Sitting still doesn’t happen in our lives because

a) we are busy.

b) we are tired. (we fall asleep every time we try)

c) it’s hard.

The stillness-phobic among us are terrified to even try meditation because ‘it’s hard to be still and I’m not good at it.’  (Join the club.)

Well, it is hard.  But because sitting still, being still, and stilling the Mind are difficult feats to achieve, many meditation techniques have been developed to teach us how.  One technique I’d like to share with you is profoundly helpful for me.  (If you are brand new to Meditation, you’ll also want to read these posts:  5 benefits of Meditation  and learn to meditate. your way.)

It’s called “Counting Backward.”  In this meditation technique, breathing is the primary focus.  We always begin with the connection to the breath, because it is our connection to the Present Moment and to the Spirit within.  The technique will help you move into stillness.  Erich Shiffmann, leading yoga teacher and author, writes: “Sitting absolutely still –practicing brief physical immobility– can teach you how to be in the conflict-free, higher-energy, ‘stillness’ state for more of your daily life.”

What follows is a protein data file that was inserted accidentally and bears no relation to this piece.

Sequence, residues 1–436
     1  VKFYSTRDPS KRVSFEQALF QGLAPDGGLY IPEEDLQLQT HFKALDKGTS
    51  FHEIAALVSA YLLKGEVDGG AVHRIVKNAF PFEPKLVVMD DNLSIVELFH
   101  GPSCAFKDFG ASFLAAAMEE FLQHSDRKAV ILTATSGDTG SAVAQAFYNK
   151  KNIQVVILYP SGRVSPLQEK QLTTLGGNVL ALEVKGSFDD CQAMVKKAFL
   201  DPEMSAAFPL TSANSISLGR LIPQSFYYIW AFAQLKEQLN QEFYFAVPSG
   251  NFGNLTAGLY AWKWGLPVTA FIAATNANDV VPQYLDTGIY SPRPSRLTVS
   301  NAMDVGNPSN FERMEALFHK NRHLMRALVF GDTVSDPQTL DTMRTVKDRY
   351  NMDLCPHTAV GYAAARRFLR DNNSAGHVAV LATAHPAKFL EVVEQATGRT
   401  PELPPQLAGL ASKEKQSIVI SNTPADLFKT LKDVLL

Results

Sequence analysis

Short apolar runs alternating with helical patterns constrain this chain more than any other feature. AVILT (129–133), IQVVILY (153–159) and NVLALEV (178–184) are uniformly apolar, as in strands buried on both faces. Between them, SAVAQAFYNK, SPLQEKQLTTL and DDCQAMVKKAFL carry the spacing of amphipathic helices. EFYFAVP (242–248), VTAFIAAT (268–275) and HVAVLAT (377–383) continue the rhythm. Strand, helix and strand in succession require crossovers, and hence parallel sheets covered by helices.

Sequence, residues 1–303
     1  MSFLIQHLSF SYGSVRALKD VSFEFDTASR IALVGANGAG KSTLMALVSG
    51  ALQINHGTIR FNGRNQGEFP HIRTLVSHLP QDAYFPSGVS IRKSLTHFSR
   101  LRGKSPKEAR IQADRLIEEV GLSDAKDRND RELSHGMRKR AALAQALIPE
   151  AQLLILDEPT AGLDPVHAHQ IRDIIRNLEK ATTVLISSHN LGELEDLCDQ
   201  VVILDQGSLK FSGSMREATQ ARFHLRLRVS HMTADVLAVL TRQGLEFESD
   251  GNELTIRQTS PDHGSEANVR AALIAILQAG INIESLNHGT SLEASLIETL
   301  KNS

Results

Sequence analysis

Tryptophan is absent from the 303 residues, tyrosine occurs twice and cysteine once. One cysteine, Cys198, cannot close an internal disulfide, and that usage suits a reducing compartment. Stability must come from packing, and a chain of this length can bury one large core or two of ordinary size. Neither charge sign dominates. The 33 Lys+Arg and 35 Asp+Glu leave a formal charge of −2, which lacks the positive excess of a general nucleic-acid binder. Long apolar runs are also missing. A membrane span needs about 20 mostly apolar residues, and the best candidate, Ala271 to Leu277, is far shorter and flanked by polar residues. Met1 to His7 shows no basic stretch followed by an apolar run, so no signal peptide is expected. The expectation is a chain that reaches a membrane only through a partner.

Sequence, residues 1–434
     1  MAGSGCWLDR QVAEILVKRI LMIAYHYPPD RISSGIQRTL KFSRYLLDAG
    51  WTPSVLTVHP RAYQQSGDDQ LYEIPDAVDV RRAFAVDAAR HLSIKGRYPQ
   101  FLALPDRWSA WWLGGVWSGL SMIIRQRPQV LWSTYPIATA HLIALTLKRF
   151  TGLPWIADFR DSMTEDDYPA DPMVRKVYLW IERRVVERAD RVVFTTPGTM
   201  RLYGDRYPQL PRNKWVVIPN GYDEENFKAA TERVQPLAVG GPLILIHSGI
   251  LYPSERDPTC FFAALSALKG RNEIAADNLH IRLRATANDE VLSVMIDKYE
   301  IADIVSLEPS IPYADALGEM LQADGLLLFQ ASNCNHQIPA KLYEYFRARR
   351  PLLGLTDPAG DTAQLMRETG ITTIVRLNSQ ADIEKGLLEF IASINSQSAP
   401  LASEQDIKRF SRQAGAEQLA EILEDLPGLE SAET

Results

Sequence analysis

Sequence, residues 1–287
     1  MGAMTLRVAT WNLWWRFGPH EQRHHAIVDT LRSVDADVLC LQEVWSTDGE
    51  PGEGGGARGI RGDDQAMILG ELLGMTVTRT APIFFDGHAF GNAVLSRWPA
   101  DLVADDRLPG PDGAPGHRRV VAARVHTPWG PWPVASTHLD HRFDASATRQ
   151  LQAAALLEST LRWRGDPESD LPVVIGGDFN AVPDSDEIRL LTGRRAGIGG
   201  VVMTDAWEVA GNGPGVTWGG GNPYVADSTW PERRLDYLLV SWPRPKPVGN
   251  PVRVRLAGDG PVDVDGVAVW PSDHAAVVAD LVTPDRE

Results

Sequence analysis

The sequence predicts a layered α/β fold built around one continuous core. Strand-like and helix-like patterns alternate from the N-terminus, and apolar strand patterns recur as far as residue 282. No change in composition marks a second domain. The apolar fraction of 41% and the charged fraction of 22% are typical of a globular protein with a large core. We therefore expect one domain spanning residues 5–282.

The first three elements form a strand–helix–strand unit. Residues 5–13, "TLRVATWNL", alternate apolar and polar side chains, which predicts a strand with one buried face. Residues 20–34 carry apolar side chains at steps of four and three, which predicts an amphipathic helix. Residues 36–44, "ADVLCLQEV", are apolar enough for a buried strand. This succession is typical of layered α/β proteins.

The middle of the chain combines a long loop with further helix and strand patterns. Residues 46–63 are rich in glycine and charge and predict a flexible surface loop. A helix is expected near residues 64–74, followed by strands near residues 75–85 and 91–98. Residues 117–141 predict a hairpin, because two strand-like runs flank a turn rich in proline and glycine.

Steps to “Counting Backward” Meditation:

1.  Sit very comfortably with your back straight.  If you can’t sit on the floor with your back straight, then sit against a wall or on a chair.

2.  Close your eyes.

3. Breath normally, gently, fully.  Experience the room you are in and experience your body for a moment.

4.  Begin to count your breathing, mentally, silently.  Begin with 50 on an exhale.  49 on an inhale.  48 on an exhale.  47 on an inhale.

5.  Avoid elongating or changing your breath.  You are learning to NOT be in control.  Let the breath be very gentle, full, and soft.

6.  When you lose your count, come back to 50.  Continue counting every breath silently backward until the count of 1.

7.  When you reach zero, stop counting, but stay aware of the natural intake of breath.  Sit for a few more moments and enjoy the ease.

8.  Immerse yourself in the stillness.  End the exercise any time you feel ready.  Extend your deepest gratitude for this moment and for all of the many blessings which bring you joy in this life.

“As you immerse yourself in stillness… you will experience an unexpected and immensely satisfying sense of contentment and ease.”  e. schiffmann, “Yoga: The Spirit and Practice of Moving into Stillness”